The Novel That Grew Hornby Up

Relationships and how we have them; A seemingly dated topic for a novel.

 What about a book about a has been musician survived by his many girlfriends and their badly fathered offspring? The fan of his work who grabs his attention by posting a subjective review of his work on a fan site he frequents to remind himself of who he was?

The inside panel of this book reads like a drama with characters undergoing midlife crises and living by their passions, searching for meaning.

I’ll admit that I’m fairly familiar with Nick Hornby’s work. He did write High Fidelity  afterall. His work has always been cleverly rife with dry wit and realistic storylines I could relate to. Though, at times I’ve somewhat felt the melancholy undertones to the fate of his characters weighed down my overall impression.

Juliet, Naked is a book filled with challenges.

It dares you to read it because it’s certain it will win the reader over with its humanity. Rife with metaphors, it scrolls through the minds of two disenchanted souls connecting through modern technology. A very realistic courtship given today’s modern developments. The difference is the time period they come from, the generations they represent, the countries that raised them.

Mr. Hornby has always exuded loyalty to his native UK, placing his character all over England, and perhaps enabling them with familiarities only he would know. Juliet,Naked spans his storyline on more unfamiliar ground, placing his characters a considerable distance apart with one in an American suburb, and the other in a barely populated beach town in England. It explains the stagnance of their sensibilities, the small tours, and long departed edge smoothed to a subtle nub.

The female protagonist, Annie, is nearing 40, intelligent, thoughtful, and delightfully sarcastic. The male protagonist, the failed rock star Tucker Crow, is self deprecating, compassionate, though overwhelmed by a lack of purpose. He fathers one of his children well, which fulfills him in a way that keeps him afloat; something Annie lacks.

They are different in backgrounds and values, but essentially the span of their thoughts reach the same destination. Nearing middle-age, or skating across its platform, they nonetheless find each other, milling for purpose.

 Annie articulates her thoughts in metaphors:

 “The short visit of a middle-aged man and his young son shouldn’t be a gourmet pastry; it should be a store-bought egg-salad sandwich, a distracted bowl of cereal, an apple snatched from a fruit bowl when you didn’t have time to eat. She had somehow constructed a life so empty that she was in the middle of the defining narrative incident of the last ten years, and what did it consist of, really?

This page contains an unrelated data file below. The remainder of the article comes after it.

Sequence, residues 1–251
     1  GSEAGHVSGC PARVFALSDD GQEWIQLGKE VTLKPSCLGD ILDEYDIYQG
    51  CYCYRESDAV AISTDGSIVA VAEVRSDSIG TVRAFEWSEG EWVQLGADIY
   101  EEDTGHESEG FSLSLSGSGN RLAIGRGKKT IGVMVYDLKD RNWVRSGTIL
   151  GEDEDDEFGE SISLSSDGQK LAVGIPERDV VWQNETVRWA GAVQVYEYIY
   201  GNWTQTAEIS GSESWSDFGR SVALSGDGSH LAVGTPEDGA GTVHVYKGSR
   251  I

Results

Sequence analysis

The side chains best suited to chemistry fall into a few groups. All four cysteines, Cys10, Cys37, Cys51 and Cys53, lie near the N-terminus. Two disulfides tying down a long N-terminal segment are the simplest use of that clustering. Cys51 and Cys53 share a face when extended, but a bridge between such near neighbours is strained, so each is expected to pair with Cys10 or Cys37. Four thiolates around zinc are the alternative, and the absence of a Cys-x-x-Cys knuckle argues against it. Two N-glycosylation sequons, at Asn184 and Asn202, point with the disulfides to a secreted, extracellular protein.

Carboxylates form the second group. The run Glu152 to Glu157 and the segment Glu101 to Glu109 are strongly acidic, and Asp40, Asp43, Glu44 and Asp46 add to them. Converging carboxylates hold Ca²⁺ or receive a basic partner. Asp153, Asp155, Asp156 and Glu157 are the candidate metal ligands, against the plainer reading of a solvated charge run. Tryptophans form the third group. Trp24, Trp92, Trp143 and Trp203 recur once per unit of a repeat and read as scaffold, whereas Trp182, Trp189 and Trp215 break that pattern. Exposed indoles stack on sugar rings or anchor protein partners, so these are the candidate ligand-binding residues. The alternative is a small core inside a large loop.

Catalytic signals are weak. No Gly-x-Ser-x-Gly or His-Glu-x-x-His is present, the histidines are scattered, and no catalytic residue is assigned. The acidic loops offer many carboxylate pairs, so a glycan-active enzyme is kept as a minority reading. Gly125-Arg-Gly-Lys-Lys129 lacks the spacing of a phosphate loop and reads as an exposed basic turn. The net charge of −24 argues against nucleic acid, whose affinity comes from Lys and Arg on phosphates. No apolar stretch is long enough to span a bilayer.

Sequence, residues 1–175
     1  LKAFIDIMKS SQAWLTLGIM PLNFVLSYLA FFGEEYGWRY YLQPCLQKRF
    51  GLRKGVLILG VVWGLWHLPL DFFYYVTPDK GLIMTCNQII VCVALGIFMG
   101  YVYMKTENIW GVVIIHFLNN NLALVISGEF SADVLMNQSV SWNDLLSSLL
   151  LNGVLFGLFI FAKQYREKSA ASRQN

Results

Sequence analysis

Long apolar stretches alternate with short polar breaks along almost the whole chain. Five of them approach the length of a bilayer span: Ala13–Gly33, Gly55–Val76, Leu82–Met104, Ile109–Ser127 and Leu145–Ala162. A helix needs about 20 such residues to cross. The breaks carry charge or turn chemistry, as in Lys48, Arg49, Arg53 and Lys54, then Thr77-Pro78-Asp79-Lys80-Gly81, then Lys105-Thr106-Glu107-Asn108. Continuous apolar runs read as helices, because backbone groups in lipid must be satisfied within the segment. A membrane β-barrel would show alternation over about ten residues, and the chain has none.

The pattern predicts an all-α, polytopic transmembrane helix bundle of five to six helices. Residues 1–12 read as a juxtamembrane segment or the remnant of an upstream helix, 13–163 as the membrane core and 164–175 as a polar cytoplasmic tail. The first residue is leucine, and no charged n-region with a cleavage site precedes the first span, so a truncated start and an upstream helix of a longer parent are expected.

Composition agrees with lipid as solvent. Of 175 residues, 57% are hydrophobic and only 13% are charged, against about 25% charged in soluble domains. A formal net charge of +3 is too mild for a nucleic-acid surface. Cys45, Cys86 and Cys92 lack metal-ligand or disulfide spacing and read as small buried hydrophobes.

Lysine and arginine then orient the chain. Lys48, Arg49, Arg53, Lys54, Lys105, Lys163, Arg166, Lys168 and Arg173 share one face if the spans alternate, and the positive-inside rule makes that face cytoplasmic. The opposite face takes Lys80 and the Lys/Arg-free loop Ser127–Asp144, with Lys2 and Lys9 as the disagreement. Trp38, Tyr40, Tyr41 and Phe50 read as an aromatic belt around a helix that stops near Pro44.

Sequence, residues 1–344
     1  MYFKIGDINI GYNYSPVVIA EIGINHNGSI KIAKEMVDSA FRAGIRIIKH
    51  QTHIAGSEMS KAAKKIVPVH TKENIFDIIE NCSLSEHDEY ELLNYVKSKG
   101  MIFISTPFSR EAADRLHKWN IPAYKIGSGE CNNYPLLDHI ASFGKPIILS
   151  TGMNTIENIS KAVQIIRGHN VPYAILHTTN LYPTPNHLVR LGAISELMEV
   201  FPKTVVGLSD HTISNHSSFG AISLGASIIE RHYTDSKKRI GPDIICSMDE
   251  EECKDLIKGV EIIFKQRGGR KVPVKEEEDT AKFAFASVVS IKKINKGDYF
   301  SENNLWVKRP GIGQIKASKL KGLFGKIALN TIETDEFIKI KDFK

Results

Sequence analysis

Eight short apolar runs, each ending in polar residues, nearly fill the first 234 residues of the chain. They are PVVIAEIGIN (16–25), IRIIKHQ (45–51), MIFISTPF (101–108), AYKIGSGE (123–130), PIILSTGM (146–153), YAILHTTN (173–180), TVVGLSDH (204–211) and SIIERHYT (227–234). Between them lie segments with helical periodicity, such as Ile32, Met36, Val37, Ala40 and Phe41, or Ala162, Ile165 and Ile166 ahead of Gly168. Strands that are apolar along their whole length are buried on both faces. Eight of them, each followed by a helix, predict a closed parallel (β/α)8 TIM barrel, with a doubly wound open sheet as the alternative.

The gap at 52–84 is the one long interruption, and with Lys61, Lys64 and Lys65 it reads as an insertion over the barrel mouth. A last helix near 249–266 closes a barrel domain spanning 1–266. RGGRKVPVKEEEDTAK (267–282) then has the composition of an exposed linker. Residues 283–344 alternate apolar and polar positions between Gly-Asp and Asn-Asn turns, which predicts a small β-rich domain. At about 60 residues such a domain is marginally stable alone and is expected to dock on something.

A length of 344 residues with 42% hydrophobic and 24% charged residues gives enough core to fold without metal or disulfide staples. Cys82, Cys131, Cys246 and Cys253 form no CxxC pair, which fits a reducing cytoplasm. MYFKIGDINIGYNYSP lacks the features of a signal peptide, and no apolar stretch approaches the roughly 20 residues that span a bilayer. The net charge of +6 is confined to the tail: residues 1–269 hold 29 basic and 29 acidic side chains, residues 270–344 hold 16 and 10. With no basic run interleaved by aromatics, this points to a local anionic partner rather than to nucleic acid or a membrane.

They both seem to be reaching a point of resolve, the freedom in knowing that the events of their lives need little more than acceptance to be embraced. Until they reach it.

Annie:  “…she heard teachers and parents and teaching colleagues and friends. This was how England spoke, and she couldn’t listen to her anymore.”

 Or Tucker: “The truth about life was that nothing ever ended until you died, and even then you just left a whole bunch of unresolved narratives behind you. He’d somehow managed to retain the mental habits of a songwriter long after he’d stopped writing songs, and perhaps it was time to give them up.”

 Nick Hornby has always been a fine writer, who’s work I’ve looked out for, and words I’ve found insight from. This book, however, failed to resemble, but succeeded in representing growth. He writes from the perspective of both genders diving between them so smoothly, the pages drift past with the relatable content.

I cared about these characters because they spoke to personal fears of self fulfillment, aging, and all the common trials we face as human beings.

 That’s what this book is; human.

Mr. Hornby’s writing has grown infinitely. It’s an adult book with essential ideas. Characters so meaty and well developed they beg the reader to look within.

So, what’s the end result? Is there a happy ending? These are just two lives built around one story. I can assure you though, read it and you will find that no tunnel lacks in light. It makes for a heartwarming unforgettable journey.

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Juliet, Naked is available on Amazon, in hardcover, and at a reasonable cover. To read the first few pages just click on the book! 

Note: Billie Holiday would relate to this narrative fo’ sho’.

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